Laser Safety

Ensuring the safe use of lasers, laser systems, and non-ionizing radiation sources.

 How Do I:

Get authorized to use a laser?

  1. Please go to the UC Learning Center and enroll in the course titled EHS 301 - Laser Safety. If you have questions, contact us at ehstrain@berkeley.edu.
  2. Review and sign the applicable laser standard operating procedure (SOP). Ensure the PI knows that you are authorized.

Note: Equivalent laser safety training that meets the campus requirement is also available at Lawrence Berkeley National Laboratory (LBNL). Likewise, the campus training meets the LBNL requirement. Please contact the LBNL Laser Safety Officer, Greta Toncheva, at (510) 495-2544 for training class information.

Questions? Please contact Eddie Ciprazo, campus Laser Safety Officer at lso@berkeley.edu or (510) 643-9243 if you have special laser safety training needs or circumstances, or if you have any questions regarding the revised campus laser safety training requirement.

Register my new laser?

All Class 3B or 4 lasers systems are required to be registered. If you are unsure of your status, please contact Eddie Ciprazo, campus laser safety officer at lso@berkeley.edu or (510) 643-9243. Laser pointers, Class 1, Class 2, and Class 3R are exempt from this requirement.

Obtaining an Laser Use Authorization (LUA)

  1. Please submit a Laser Use Authorization (LUA) form to the Laser Safety Officer (LSO).
  2. The LSO will review the application and inform the applicant of the safety requirements under the specific LUA.
  3. The LUA is then signed by the LSO and the Chair of the Laser Safety Committee (LSC).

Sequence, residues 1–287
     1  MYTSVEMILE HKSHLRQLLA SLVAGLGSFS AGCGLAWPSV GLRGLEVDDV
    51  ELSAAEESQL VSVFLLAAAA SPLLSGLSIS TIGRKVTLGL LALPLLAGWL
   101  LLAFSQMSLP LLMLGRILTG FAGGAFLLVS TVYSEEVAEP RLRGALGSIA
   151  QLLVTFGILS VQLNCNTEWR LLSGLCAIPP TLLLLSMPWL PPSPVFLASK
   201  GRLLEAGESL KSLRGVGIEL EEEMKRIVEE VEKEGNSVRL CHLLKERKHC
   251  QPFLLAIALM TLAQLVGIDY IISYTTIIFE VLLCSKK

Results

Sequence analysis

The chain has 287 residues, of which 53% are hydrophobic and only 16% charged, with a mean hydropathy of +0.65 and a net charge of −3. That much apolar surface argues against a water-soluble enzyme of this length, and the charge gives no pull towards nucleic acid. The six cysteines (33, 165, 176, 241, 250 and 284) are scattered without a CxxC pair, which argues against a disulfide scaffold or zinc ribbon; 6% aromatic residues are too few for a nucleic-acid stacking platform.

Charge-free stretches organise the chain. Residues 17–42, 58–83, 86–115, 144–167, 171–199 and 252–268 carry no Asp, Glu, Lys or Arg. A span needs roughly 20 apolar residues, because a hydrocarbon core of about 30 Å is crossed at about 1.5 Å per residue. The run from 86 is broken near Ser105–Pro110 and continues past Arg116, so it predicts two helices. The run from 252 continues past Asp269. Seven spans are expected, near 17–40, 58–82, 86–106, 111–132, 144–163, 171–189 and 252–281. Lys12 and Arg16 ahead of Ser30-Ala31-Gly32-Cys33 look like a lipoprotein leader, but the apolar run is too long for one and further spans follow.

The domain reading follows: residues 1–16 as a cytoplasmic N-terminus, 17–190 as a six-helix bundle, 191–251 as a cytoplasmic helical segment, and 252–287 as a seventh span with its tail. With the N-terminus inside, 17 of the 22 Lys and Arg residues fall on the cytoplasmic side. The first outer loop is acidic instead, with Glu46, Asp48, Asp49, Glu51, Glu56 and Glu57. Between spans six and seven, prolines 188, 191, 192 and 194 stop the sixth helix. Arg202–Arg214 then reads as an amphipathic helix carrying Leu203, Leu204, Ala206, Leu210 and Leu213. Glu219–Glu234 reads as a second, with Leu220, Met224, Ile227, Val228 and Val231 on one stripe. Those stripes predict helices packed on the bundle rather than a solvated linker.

Important:

All users of the laser, including the PI, are required to be trained.

Whenever there are changes to the authorized user list, the LSO must be notified.

If the laser is moved or changes are made to how it is used, the LSO must be notified.

Get training in laser safety?

If you are not already on a Laser Use Authorization (LUA):

If you have been on an LUA for three or more years:

Note: Equivalent laser safety training that meets the campus requirement is also available at Lawrence Berkeley National Laboratory (LBNL). Likewise, the campus training meets the LBNL requirement. Please contact the LBNL Laser Safety Officer, Greta Toncheva, at (510) 495-2544 for training class information.

Questions? Please contact Eddie Ciprazo, campus Laser Safety Officer at lso@berkeley.edu or (510) 643-9243 if you have special laser safety training needs or circumstances, or if you have any questions regarding the revised campus laser safety training requirement.

Resources

Laser Safety Signs

Laser hazard signs must be conspicuously posted to warn onlookers of the potential hazard. The appropriate warning or danger sign shall be posted at the entryway(s) and, if deemed necessary by the LSO, should also be posted within the laser-controlled area.

For Class 3B and Class 4 signs, ensure the signs include:

  • type of laser(s),
  • wavelength(s) used,
  • and power output used.
  • Minimum OD for the laser wavelengths is listed on your laser use authorization (LUA) document.

Signs

Class 3B - Warning: Laser Controlled Area

Class 4 - Warning: Laser Controlled Area

Class 4 - Danger: Laser Controlled Area - Use of this sign requires Laser Safety Officer (LSO) authorization.

Notice: Do Not Enter

Notice: Unattended Laser in Operation

Lasers Not in Use - Storage Only Stickers (Avery 5163 Labels)

Lighted Hazards Warning - Contact LSO for this sign.

Laser Safety Equipment Vendors

Laser Protective Eyewear

Kentek | LaserVision | NOIR

Laser Curtains, Barriers, Guards, etc.

Rockwell | Kentek | LaserVision | 80/20 | Minitec | Laser Safety Systems

Laser Safety Tools - IR/UV Viewers and cards, meters, beam stops, beam tubes